Friday, April 11, 2008

Where Spanish is going

It is again wintertime in springtime in Minnesota. Some rain here, some snow there, adding to the dreary prospects of an outdoor activity this weekend. Well, not that I had any plans for the weekend, what with the Tuesday of Impending Doom (that's April 15th for us Americans). Well, I managed to finish my tax preparations yesterday and now, freed, as if were, from this paper yoke (or joke?), I am ready to go on with my life.

But the gremlins that afflict us translators, writers and other wordsmiths woke me up in the wee hours this morning. I started to think about my pending thesis, which revolves around the stylistic changes of Spanish technical handbooks in the last 40 years. That got me pondering about style in a larger sense. You see, when we start studying translation in our traditional universities, we are taught, so properly, from the tradition of language and linguistics, about style, text analysis, grammar, syntax, synonyms, acronyms and other 'yms.' Since most translation programs are born in the heart of language and literature programs, students of translation are led to believe, inadvertently of course, that good writing style is mostly and only found in literary translations.

Because I am, in a way, the product of a translation program created by language teachers at a 500-year old South American university, I used to think that way for a long time...until fate, karma or destiny brought me technical texts to translate. It took me about ten years to perfect my writing style for technical translations in Spanish. And I am still perfecting it.

But enough about the past, what about the future? What is the future of Spanish translations in the market? Yes, there is an overabundance of texts awaiting translation for the Spanish readers, mostly in the United States, and there is a glut of Spanish translators in the market, most of them mediocre ones. Why mediocre? Why do I dare pronounce such harsh judgment on my professional brethren, you'll say? Simply put, it's a matter of style.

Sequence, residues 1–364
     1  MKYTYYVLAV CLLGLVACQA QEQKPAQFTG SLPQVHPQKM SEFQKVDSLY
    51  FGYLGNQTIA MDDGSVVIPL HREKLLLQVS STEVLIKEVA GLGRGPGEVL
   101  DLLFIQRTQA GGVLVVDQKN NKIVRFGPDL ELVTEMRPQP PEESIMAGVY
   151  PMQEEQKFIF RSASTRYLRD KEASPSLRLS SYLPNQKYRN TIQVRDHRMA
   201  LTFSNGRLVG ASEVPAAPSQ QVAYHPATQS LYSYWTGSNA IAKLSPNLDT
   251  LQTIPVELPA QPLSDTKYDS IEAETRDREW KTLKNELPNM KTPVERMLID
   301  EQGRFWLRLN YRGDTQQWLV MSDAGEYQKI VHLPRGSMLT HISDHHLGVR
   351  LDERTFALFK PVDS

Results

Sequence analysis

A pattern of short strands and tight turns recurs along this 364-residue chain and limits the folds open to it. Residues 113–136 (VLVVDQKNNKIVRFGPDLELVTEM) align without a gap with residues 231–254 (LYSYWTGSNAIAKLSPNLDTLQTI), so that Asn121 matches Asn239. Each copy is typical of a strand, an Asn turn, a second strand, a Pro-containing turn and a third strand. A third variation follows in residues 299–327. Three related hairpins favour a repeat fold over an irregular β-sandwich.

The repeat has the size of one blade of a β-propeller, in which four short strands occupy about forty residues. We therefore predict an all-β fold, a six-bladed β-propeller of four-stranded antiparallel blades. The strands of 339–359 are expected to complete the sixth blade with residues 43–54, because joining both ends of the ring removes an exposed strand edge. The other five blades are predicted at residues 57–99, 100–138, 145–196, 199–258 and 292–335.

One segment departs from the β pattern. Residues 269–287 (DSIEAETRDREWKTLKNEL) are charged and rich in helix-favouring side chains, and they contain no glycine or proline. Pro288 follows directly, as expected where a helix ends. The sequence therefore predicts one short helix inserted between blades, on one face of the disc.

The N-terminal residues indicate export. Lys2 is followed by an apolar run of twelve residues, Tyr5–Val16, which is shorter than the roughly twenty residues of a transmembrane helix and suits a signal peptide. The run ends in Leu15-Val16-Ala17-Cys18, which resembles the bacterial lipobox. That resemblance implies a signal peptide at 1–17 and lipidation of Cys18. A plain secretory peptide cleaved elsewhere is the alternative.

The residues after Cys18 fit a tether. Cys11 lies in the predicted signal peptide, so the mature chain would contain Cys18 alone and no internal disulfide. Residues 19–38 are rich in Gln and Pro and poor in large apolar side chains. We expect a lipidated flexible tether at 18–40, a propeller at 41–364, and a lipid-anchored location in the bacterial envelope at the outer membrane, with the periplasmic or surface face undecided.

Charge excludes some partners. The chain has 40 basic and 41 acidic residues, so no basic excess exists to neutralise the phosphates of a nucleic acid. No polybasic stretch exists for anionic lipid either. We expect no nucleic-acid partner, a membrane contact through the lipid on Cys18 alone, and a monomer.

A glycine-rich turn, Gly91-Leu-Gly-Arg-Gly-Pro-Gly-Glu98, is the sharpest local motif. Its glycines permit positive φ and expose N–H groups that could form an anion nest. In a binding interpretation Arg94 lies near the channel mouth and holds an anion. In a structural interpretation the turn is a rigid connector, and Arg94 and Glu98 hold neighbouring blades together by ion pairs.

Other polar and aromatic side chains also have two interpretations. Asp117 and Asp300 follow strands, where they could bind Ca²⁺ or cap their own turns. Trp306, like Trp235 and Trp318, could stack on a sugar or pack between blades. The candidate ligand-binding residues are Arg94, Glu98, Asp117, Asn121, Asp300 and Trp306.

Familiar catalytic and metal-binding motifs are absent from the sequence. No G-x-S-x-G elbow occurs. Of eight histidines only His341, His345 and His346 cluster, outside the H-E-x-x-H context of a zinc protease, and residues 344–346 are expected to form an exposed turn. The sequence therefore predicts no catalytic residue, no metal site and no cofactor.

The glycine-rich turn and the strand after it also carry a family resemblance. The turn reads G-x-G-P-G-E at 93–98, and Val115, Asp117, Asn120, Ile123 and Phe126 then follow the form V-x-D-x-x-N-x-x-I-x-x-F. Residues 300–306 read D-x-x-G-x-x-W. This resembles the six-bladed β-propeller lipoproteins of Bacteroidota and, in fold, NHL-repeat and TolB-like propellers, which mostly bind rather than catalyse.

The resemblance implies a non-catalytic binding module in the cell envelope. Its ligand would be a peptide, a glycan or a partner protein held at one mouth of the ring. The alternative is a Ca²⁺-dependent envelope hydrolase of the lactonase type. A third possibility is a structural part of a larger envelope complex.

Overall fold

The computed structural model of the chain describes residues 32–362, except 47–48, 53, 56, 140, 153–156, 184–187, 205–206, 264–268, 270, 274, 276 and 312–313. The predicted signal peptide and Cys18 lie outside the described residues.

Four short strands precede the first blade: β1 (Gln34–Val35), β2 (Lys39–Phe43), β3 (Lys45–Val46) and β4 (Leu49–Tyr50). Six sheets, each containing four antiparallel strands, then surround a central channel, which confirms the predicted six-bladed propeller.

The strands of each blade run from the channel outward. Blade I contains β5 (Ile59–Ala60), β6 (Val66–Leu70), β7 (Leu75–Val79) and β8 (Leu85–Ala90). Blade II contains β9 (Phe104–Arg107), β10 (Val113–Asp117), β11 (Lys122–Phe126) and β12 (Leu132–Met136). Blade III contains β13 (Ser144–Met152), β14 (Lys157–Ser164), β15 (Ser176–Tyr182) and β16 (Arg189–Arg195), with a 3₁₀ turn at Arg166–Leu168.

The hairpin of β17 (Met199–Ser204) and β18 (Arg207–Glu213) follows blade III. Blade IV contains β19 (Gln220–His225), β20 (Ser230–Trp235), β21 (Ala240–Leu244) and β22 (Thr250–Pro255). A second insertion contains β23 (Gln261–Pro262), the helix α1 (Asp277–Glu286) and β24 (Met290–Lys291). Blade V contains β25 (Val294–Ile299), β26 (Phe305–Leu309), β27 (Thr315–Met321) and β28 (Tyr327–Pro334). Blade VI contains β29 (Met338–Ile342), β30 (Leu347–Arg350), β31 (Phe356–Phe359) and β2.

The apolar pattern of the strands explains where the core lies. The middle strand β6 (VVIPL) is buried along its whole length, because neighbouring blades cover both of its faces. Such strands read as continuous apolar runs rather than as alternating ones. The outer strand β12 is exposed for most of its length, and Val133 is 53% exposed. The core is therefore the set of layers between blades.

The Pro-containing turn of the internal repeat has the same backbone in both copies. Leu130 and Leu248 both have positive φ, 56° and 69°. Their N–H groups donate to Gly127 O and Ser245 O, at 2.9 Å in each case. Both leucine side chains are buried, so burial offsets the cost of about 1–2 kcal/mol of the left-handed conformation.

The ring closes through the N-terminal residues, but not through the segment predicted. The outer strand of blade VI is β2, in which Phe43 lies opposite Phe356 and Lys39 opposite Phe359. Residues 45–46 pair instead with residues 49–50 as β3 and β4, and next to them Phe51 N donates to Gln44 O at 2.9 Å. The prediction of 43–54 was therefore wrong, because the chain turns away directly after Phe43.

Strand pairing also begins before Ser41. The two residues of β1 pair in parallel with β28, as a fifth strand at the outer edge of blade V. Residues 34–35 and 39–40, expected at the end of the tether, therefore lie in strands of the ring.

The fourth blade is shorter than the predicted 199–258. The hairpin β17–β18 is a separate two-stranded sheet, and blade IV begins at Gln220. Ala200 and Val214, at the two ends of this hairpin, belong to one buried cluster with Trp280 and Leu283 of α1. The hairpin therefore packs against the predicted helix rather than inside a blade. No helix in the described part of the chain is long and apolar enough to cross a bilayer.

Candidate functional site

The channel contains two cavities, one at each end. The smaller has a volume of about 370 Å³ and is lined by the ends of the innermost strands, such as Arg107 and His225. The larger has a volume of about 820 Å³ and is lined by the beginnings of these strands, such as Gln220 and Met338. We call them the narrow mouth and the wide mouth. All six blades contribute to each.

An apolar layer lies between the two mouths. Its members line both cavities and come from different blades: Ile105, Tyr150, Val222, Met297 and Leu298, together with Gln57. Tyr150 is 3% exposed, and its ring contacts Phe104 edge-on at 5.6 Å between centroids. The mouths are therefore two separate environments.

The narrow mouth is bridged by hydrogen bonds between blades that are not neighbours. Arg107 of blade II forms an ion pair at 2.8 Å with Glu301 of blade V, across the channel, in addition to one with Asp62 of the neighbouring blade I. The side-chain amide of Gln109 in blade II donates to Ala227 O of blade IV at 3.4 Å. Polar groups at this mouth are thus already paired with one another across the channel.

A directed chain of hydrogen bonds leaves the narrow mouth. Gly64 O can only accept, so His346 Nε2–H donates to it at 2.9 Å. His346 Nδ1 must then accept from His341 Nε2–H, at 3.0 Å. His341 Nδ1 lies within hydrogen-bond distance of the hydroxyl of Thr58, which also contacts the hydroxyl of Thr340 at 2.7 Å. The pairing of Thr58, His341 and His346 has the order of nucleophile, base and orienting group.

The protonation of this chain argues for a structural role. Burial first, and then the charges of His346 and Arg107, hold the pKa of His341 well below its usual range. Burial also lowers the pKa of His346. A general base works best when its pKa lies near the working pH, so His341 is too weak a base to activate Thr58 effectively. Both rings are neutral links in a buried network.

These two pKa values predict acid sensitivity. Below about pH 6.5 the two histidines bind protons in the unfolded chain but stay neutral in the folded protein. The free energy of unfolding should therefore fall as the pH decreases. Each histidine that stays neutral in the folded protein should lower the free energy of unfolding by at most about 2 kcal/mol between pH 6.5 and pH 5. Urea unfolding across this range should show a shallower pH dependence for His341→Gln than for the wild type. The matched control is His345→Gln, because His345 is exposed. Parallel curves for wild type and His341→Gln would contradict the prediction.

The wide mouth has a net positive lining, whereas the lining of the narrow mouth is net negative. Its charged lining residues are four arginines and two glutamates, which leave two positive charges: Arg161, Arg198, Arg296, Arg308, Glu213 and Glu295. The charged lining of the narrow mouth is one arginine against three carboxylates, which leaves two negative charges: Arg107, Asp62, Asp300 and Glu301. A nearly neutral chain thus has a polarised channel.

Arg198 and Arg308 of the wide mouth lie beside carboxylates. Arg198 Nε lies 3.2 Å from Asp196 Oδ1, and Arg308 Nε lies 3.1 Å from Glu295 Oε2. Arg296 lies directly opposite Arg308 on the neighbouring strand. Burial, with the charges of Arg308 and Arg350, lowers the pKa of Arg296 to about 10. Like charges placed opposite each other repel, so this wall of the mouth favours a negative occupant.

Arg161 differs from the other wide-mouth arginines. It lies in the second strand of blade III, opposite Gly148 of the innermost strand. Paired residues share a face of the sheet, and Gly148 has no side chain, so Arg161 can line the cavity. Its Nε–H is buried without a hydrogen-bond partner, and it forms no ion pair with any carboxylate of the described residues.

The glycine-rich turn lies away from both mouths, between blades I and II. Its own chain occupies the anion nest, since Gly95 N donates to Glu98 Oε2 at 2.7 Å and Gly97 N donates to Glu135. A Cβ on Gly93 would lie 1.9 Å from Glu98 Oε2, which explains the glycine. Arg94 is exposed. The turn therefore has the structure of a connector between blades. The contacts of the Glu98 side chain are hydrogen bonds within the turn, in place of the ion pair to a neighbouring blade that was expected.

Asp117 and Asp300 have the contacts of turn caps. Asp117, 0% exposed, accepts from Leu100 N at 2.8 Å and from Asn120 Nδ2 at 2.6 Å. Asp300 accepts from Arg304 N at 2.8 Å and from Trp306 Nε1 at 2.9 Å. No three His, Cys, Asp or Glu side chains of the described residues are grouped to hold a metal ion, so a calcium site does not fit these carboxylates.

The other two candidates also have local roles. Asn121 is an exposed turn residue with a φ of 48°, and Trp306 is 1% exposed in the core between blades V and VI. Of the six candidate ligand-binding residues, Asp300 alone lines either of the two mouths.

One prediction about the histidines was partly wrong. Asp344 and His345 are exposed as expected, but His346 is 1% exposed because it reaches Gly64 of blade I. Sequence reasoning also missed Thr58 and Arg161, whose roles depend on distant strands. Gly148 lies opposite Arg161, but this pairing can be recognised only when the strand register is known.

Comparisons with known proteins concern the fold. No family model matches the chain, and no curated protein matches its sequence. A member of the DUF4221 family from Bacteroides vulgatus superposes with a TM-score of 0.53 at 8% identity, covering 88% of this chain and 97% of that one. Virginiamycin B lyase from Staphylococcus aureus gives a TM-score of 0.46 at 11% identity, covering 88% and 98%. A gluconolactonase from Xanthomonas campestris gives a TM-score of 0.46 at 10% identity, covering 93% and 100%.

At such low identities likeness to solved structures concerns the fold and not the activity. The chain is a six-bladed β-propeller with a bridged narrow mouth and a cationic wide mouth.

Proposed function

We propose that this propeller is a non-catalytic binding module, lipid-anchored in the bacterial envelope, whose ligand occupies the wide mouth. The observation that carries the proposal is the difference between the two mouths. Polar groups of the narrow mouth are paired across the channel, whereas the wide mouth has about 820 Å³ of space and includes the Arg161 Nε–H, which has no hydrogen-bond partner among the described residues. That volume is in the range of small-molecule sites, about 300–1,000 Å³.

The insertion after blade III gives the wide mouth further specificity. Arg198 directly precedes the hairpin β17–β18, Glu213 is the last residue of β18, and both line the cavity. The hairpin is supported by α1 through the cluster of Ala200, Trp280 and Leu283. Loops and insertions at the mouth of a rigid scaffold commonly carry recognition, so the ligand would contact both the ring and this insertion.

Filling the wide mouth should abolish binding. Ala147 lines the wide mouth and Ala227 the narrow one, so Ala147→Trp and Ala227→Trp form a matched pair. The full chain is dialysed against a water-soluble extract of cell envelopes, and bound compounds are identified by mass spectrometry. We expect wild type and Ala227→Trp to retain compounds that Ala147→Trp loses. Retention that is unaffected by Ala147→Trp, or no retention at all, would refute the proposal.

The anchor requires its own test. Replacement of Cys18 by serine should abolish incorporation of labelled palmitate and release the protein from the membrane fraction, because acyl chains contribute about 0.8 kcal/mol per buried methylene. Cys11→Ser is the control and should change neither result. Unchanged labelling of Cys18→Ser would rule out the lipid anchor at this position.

Improving your grammar, vocabulary and knowledge of the foreign languages you will be translating from is the easy part. First of all, finding the natural style of your mother tongue, the Spanish you've been speaking since childhood, should be your main goal, and the hardest part will be to find your stylistic voice. To be a true translator is to first admit to yourself that you are a writer. If you want to be a writer that others take seriously, you'll have to find and develop your writing style.

Now, back to calling most Spanish translators in the market mediocre: they are mediocre because they shoehorn their translations into English syntactic structures, ill-fitted to showcase the best of Spanish. There is a need for Spanish authoring across American corporations that goes unrecognized, misdiagnosed and, subsequently, poorly served. I venture to say that part of the future in translation for the Spanish market in America lies with those who venture into authoring text in Spanish, from the ground up. That means, no passage through translation to reach the Hispanic masses, but writing straight in Spanish. Try it. Start now. It'll do your writing a world of good.

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